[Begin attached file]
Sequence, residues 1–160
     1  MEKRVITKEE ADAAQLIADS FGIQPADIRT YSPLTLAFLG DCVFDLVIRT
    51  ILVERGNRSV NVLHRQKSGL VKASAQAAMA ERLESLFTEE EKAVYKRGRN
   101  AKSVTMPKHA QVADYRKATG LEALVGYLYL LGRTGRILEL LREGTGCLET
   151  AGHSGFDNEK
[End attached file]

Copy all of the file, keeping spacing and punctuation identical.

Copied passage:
Sequence, residues 1–160
     1  MEKRVITKEE ADAAQLIADS FGIQPADIRT YSPLTLAFLG DCVFDLVIRT
    51  ILVERGNRSV NVLHRQKSGL VKASAQAAMA ERLESLFTEE EKAVYKRGRN
   101  AKSVTMPKHA QVADYRKATG LEALVGYLYL LGRTGRILEL LREGTGCLET
   151  AGHSGFDNEK